# Why are these functions differently evaluated

I was experimenting with haskell, and while trying to improve the readability of my code I suddenly changed the behaviour of it. I would have thought these two variants would be equivalent.

Original:

f :: Eq c => c -> c -> [[c]] -> [[c]]
f d c acc
| c == d    = [] : acc
| otherwise = ([c] ++ (head acc)) : tail acc

split :: Eq a => a -> [a] -> [[a]]
split delim = foldr (f delim) [[]]


Here is the second one:

f' :: Eq c => c -> c -> [[c]] -> [[c]]
f' d c (currentWord:wordsSoFar)
| c == d    = [] : currentWord : wordsSoFar
| otherwise = (c : currentWord) : wordsSoFar

split' :: Eq a => a -> [a] -> [[a]]
split' delim = foldr (f' delim) [[]]


Here are the results of running the two:

*Main> take 1 (split 5 [1..])
[[1,2,3,4]]
*Main> take 1 (split' 5 [1..])
*** Exception: stack overflow

• in your second code try changing split' to split – maioman Dec 19 '14 at 15:22
• @maioman That doesn't answer anything. – jub0bs Dec 19 '14 at 15:38
• foldr is a kind of "magic" thing that generates very deep recursion, but then gets optimized (or not) by compiler. I would suggest trying to rewrite your code in terms of foldl', which works at linear recursion depth. The big difference in two examples is that first f doesn't examine it's acc upon application. – Kostiantyn Rybnikov Dec 19 '14 at 15:42
• @KonstantineRybnikov How do you expect foldl' to work on an infinite list? – sepp2k Dec 19 '14 at 15:47
• @sepp2k good catch, thanks :) Every time I get into this topic I forget about many details. – Kostiantyn Rybnikov Dec 19 '14 at 16:04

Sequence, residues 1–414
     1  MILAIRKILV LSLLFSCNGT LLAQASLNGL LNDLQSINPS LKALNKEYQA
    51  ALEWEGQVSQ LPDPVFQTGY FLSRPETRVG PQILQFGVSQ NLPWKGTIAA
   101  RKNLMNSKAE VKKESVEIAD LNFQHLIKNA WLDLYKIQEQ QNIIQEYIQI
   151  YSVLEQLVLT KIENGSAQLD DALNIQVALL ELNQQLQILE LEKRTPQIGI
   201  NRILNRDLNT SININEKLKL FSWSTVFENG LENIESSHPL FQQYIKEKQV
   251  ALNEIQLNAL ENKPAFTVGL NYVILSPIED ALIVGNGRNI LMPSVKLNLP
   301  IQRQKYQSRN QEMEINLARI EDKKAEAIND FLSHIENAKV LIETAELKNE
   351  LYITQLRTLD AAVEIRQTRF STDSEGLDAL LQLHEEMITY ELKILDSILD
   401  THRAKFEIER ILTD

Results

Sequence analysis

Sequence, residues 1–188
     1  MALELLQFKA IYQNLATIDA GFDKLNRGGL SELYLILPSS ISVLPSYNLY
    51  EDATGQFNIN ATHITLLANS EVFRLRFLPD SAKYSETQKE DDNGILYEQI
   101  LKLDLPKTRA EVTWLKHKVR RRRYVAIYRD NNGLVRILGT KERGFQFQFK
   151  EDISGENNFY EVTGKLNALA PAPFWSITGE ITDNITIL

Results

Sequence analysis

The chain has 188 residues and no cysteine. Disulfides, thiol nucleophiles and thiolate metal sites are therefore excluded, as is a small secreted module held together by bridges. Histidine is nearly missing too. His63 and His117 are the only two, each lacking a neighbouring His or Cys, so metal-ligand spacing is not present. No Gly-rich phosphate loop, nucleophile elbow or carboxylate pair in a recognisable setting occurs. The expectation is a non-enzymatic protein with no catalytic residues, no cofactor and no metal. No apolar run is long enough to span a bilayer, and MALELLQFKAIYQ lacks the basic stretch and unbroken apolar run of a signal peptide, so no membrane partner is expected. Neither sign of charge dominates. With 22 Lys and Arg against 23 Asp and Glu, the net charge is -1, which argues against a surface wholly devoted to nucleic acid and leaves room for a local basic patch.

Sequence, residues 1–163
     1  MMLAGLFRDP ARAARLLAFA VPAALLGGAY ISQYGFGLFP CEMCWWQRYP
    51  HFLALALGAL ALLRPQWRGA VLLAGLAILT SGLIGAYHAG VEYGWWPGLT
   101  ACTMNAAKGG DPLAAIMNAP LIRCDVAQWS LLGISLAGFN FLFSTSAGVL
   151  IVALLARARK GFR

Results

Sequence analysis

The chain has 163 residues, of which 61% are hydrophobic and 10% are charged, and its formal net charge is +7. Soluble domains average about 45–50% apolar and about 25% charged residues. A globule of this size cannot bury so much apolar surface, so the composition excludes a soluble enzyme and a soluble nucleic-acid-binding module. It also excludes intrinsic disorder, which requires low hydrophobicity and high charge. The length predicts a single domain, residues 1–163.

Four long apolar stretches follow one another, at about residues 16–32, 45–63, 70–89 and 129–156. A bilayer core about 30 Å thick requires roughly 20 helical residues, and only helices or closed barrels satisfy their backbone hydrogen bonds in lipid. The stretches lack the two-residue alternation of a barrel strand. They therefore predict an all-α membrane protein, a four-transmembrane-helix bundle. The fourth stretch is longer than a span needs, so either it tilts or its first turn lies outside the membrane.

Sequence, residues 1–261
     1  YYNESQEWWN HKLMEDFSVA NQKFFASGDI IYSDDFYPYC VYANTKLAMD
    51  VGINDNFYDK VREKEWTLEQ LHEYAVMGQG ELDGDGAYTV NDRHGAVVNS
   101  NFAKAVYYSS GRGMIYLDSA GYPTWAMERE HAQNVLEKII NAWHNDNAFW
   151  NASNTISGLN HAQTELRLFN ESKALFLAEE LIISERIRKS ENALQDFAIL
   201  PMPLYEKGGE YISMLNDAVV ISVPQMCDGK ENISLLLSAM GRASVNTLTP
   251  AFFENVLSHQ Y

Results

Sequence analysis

Your first version only needs to evaluate acc when you call head and tail on it, so no evaluation takes place when c == d.

The second version needs to know whether acc is empty or not before it does anything else as none of the other code must execute if the pattern does not match. This means that acc has to be evaluated even if c == d. This leads to an infinite loop.

You can make the second version work by using an irrefutable pattern like this:

f' d c ~(currentWord:wordsSoFar) =


By making the pattern irrefutable, you're saying that you know that the pattern will match, so no check is necessary. If acc were empty, this would cause an error to happen when (and if) you used currentWord and wordsSoFar instead of a non-exhaustive pattern error happening right away (and regardless of whether currentWord and wordsSoFar are actually used).

• this is incorrect in one respect: even when c /= d, acc is still not forced if only head of head of f's result is requested. – Will Ness Dec 19 '14 at 15:58
• @sepp2k Why does acc has to be fully evaluated in the second case ? Why not just evaluate it to WHNF ? – Sibi Dec 19 '14 at 17:52
• I assumed you meant head and tail instead of hd and tl, so I edited the answer accordingly. Feel free to change it back if this was a mistake. – Shoe Dec 19 '14 at 17:55
• @Sibi It only has to be evaluated to WHNF, but that's already enough to cause the infinite loop because acc = foldr (f' delim) [[]] restOfTheList and that in turn needs to evaluate its own acc to WHNF first thing, which is foldr (f' delim) [[]] restOfTheRestOfTheList and so on ad infinitum. – sepp2k Dec 19 '14 at 19:25
• Ok, let me see if I get it. The value of acc will be a recursive call to foldr itself. And, therefore we must evaluate it before we know if it will be an empty list that would not match the pattern? – morten Dec 22 '14 at 17:24

I think this should be equivalent:

f d c acc | c == d = [] : acc
f d c (currentWord:wordsSoFar) = (c : currentWord) : wordsSoFar


Notice that if c == d then we don't attempt to determine whether acc is empty or not. (All versions of your code will actually fail if c == d and acc == []; I presume this never happens.)

• I think that acc@(currentWord:wordsSoFar) should work as well – d12frosted Dec 19 '14 at 17:13